On the red side, the Ryzen 5000 Series is the latest and greatest range of processors, which are so new that they won’t be available to buy until 5 November this year. The Ryzen 9 5950X will be the most powerful chip in this family, featuring 16 cores, 32 threads and up to a 4.9GHz boosted clock speed. AMD claims it’s more powerful than any of Intel’s desktop processors, and we’re inclined to believe them judging by the specs.
The upcoming Ryzen 9 5900X also looks to be faster than Intel’s chip, with 12 cores, 14 threads and clock speeds that can climb as high as 4.6 GHz, despite costing a similar price to the Intel Core i9-10900K. Of course, we still need to test these Ryzen chips to make sure the performance is as good as it looks on paper.
Price also has to come into the equation here. The Intel Core i9-10900K is an expensive chip with a recommended retail price of £530. The Ryzen 9 5950X and Ryzen Ryzen 9 5900X will cost $799 and $549 respectively. AMD has yet to reveal UK pricing, but we expect it very soon.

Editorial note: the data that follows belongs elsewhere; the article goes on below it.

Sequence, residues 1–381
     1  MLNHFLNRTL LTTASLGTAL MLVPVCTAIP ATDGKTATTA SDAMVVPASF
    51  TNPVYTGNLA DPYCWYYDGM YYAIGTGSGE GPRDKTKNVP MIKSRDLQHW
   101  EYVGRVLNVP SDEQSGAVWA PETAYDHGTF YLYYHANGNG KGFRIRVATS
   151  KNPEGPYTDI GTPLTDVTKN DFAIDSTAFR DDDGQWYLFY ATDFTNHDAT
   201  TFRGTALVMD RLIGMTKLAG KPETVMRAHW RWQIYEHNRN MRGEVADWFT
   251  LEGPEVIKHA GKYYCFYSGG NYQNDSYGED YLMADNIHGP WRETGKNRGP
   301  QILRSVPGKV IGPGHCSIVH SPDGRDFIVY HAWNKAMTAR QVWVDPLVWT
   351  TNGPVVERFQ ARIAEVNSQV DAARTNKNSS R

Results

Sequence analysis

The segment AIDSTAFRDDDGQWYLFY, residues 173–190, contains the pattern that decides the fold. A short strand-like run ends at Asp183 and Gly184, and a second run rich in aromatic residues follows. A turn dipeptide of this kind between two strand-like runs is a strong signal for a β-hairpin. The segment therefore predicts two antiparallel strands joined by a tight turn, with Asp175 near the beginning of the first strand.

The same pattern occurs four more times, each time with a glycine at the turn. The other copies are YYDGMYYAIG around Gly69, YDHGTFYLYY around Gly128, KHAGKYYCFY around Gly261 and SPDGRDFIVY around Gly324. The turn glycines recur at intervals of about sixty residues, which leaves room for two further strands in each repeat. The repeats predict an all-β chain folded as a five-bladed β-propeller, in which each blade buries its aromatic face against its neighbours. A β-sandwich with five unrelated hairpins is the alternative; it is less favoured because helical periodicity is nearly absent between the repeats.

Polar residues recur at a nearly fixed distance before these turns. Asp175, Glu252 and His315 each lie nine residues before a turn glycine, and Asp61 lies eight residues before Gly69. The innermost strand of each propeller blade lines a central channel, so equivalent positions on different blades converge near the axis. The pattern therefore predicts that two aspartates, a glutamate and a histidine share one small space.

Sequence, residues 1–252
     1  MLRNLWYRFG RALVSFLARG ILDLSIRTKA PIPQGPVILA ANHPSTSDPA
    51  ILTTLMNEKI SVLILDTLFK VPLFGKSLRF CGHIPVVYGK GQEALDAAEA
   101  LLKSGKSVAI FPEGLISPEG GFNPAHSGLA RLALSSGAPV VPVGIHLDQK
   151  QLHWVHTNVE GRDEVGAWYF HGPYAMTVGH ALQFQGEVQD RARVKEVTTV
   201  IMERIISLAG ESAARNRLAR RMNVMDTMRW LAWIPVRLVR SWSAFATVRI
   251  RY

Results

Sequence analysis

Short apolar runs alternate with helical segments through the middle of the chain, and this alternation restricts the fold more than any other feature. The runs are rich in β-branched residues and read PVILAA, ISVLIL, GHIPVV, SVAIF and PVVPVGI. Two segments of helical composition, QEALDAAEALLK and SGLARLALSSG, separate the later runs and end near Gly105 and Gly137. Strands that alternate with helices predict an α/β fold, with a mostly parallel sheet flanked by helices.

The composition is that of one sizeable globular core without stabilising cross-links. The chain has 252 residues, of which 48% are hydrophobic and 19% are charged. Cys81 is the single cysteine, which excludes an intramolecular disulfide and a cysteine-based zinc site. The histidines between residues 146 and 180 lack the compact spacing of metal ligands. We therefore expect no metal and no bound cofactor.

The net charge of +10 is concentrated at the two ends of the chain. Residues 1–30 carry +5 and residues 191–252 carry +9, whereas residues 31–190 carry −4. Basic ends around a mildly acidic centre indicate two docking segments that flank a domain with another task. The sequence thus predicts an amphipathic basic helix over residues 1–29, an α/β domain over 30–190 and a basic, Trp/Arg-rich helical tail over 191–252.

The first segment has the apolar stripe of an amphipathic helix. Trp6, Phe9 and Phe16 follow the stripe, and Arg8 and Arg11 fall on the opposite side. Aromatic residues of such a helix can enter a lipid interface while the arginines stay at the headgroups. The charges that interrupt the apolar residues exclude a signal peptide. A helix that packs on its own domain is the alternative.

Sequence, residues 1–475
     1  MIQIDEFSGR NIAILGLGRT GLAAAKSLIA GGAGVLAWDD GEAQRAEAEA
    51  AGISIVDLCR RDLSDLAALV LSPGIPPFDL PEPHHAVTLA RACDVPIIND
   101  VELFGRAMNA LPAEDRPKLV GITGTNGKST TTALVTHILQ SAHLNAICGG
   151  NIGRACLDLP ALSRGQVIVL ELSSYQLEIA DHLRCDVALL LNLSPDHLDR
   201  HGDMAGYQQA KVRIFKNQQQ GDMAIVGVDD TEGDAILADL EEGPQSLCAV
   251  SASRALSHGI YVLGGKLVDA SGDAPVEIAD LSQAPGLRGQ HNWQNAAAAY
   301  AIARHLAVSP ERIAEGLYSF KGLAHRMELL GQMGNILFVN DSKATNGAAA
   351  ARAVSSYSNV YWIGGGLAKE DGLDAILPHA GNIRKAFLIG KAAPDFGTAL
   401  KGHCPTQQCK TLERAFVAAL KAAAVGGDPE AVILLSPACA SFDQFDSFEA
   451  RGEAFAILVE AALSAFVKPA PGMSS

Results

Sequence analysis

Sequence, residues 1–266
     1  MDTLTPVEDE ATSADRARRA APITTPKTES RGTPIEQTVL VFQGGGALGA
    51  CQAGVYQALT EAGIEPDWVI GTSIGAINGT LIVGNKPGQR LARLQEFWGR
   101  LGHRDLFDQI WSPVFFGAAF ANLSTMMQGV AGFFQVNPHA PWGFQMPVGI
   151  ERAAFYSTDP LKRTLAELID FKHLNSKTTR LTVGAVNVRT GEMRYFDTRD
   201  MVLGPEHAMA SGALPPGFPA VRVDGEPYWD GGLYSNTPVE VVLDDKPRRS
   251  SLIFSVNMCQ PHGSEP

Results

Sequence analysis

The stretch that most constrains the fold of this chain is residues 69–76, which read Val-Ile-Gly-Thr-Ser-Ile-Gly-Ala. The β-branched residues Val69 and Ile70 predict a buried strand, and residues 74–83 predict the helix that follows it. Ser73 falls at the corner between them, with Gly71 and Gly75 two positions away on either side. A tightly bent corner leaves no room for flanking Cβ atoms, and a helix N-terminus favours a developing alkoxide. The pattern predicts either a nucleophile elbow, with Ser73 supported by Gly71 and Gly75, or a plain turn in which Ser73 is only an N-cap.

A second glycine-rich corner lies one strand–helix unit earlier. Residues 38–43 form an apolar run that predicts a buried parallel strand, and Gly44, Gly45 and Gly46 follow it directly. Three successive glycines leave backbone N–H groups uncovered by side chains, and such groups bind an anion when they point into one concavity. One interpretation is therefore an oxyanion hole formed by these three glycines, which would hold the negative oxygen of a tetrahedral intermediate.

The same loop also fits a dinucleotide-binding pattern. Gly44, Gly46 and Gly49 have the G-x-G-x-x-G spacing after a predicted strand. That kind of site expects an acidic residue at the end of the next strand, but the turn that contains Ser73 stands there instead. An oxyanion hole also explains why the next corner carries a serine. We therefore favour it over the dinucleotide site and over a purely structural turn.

AMD looks in a very strong position with its Ryzen 5000 processors, not just for the high-end chips, but also for more affordable options such as the AMD Ryzen 7 5800X and AMD Ryzen 5 5600X. We’ll have to wait until we can review the processors before we declare them a better buy than Intel’s 10th Gen processors, but it’s difficult to see why you’d buy a high-end Intel desktop chip right.